Now, people often say the best way to a person's heart (man or woman!) is through their stomach, and cultures all over the world agree. Everyone is going to have an opinion on the best foods for inspiring love in another person, ranging from various types of seafood to fruits, herbs, and vegetables. There's a traditional or folk remedy for everything, and aphrodisiacs are in a category all their own.

Looking to play Cupid this Valentine's Day? When you head to the restaurant for a meal out, or while preparing your own meal at home, try incorporating some of the following foods... And enjoy!

[info courtesy of smoothfm.com.au, care2.com & health.usnews.com]

Oysters & Caviar

These classic aphrodisiacs are packed with zinc, a mineral that supposedly increases libido. Why not start your meal with half a dozen oysters or some caviar, and a glass of chilled champagne (a classically romantic beverage)?

Truffles

Why truffles (the fungus, not the chocolate)? Probably due to their rarity and musky aroma. Truffles have long been considered a go-to food for arouse the palate and the body.

Bananas

Loaded with B vitamins, magnesium, potassium and the bromeliad enzyme, bananas may increase the male libido. There are lots of wonderful desserts, including Bananas Foster, that incorporate bananas.

Avocado

Boosting the immune system with B vitamins and potassium, avocados have long been associated with sexuality. Baked Avocados or avocado slices on a salad are a great way to incorporate this particular food into a romantic meal.

Almonds

Thanks to their high vitamin E content, almonds help support female hormones, and have been seen as a fertility symbol for hundreds of years. Almonds can be sprinkled on top of salads or used as an ingredient in many lucious desserts.

Garlic

Garlic is considered an aphrodisiac primarily because it helps increase blood flow. As an ingredient, it's also incredibly easy to include in your meal: Garlic can be used as a seasoning in most main dishes, as well as in sides (garlic mashed potatoes, anyone?).

Chocolate

The neurotransmitters serotonin and anandamide both contribute to feelings of happiness and euphoria, and both are found in chocolate. Chocolate also happens to be the go-to Valentine's Day treat, and you would be remiss not to include it at some point in your evening!

 

Have a wonderful Valentine's Day!

 

Celebrating the New Year Around the World- Tuesday, December 27, 2016

Depending on your country of origin, your religious beliefs, or the customs of your forefathers, we have many ways of welcoming in a new year and saying goodbye or perhaps good riddance to the old year. The truth is throughout the world depending on the calendar that you follow the New Year occurs on any of several different dates.

We thought it would be fun to review some of the various traditions associated with the start of a New Year as celebrated in different countries and cultures.

Food for Luck at the New Year

Here are several New Year food traditions:

  • In the southern US, eating black-eyed peas and pork bring about good fortune.

  • Eating any ring-shaped treat (such as a donut) symbolize “coming full circle” and leads to good fortune. In Dutch homes, fritters called olie bollen are served.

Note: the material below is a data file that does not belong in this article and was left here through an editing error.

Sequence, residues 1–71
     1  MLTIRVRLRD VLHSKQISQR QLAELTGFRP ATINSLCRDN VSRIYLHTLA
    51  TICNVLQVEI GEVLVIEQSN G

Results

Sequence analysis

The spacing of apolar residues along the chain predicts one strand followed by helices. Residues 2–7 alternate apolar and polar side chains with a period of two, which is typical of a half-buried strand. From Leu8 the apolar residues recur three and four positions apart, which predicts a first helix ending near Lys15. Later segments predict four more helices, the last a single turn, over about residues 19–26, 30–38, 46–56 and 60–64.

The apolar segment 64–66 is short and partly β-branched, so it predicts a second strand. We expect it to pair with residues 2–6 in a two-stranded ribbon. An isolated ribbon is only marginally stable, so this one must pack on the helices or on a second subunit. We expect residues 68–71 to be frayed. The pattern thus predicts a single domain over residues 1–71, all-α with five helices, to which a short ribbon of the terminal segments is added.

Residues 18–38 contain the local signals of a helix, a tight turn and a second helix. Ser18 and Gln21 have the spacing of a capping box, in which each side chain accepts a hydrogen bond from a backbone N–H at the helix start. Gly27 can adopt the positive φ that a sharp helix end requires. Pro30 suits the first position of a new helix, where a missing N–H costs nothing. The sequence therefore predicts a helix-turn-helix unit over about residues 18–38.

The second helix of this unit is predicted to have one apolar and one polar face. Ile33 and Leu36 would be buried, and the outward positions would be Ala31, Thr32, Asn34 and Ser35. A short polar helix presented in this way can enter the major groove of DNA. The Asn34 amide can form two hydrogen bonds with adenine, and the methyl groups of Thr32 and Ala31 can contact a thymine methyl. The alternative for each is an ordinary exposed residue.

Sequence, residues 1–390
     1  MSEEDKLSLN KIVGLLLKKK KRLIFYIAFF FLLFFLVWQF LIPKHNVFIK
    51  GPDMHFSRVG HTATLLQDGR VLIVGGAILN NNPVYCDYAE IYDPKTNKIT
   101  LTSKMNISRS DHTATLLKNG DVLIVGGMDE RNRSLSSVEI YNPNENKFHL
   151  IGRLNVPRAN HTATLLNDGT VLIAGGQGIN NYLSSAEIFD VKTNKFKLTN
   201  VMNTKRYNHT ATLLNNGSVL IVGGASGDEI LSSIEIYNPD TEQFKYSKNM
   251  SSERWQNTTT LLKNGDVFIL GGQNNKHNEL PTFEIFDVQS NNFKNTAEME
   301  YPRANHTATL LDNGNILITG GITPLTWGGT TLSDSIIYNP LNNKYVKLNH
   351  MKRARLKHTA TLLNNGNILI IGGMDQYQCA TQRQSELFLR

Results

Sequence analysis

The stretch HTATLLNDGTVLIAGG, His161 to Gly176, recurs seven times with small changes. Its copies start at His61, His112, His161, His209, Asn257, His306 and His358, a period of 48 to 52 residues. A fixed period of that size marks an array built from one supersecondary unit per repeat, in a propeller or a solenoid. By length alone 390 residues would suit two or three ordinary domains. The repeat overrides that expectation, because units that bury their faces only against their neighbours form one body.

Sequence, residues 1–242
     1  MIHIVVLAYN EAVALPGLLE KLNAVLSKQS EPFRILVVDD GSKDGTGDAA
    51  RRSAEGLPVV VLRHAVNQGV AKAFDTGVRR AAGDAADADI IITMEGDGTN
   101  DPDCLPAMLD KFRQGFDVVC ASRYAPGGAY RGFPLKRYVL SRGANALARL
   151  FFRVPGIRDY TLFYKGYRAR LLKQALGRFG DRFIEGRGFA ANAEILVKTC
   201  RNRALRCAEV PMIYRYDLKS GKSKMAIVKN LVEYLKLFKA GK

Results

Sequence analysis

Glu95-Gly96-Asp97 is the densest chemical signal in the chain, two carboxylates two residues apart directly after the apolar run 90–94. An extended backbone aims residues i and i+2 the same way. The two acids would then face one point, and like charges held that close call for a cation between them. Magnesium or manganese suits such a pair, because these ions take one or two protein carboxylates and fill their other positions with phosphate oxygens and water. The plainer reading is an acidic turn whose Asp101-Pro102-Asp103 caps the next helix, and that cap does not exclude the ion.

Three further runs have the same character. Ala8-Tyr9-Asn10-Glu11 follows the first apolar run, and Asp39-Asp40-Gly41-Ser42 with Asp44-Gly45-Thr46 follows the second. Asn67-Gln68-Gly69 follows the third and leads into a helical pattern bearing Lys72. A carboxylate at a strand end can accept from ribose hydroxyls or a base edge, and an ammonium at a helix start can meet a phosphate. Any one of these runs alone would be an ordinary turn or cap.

• The Irish enjoy pastries called bannocks.

  • The tradition of eating 12 grapes at midnight comes from Spain.

  • On New Year's Eve, Mexicans pop a grape for each stroke of midnight, with each representing a page of the calendar ahead. If one is bitter, watch out for that month! Other popular fruits to eat include the pomegranate, with its many seeds standing in for prosperity, and figs, which are a symbol of fertility.

  • In India and Pakistan, rice promises prosperity.

  • Apples dipped in honey are a Rosh Hashanah tradition.

  • In Swiss homes, dollops of whipped cream, symbolizing the richness of the year to come, are dropped on the floors (and allowed to remain there!)

  • In the South, greens are eaten on New Year's Eve because they resemble money.

  • Beans, like greens, resemble money; more specifically, they symbolize coins. Whether you choose black beans, lentils, or black-eyes peas, healthy fiber-filled beans will help soak up that champagne.

  • Noodles are symbols of long life, and grains like rice, quinoa, and barley stand for abundance. Slurp the noodles whole for even more luck.

  • Pigs are a lucky symbol because they root forward, and are rotund. Traditionally, in the American South, pork, beans, and greens are combined in a dish called Hoppin' John for New Year's Eve.

  • Fish are believed to be lucky because their scales resemble coins, and they swim in schools which invoke the idea of abundance.

And then there are New Year’s Drinking Traditions

Although the pop of a champagne cork signals the arrival of the New Year around the world, some countries have their own traditions.

  • Wassail, the Gaelic term for “good health”, is served in some parts of England.

  • Spiced “hot pint” is the Scottish version of Wassail. Traditionally, the Scots drank to each others’ prosperity and also offered this warm drink to neighbors along with a small gift.

  • In Holland, toasts are made with hot, spiced wine.

Regardless of just how you and your family celebrate, we want to wish you Happy, Healthy, and Prosperous 2017!

The Best and Worst Foods to Eat Before Bed- Tuesday, August 9, 2016

This will probably come as no surprise to some folks, but for those who may not be aware, indiscriminate snacking right before going to bed can not only adversely affect your ability to sleep, but depending on what you choose to consume, can also have a negative impact on your metabolism and your ability to lose weight. The emphasis here is not simply on food in general, though – late night snacking can actually be good for you and your diet if you happen to be on one; it's what you take in that matters the most. Different foods will have different effects, and some are most definitely better choices than others.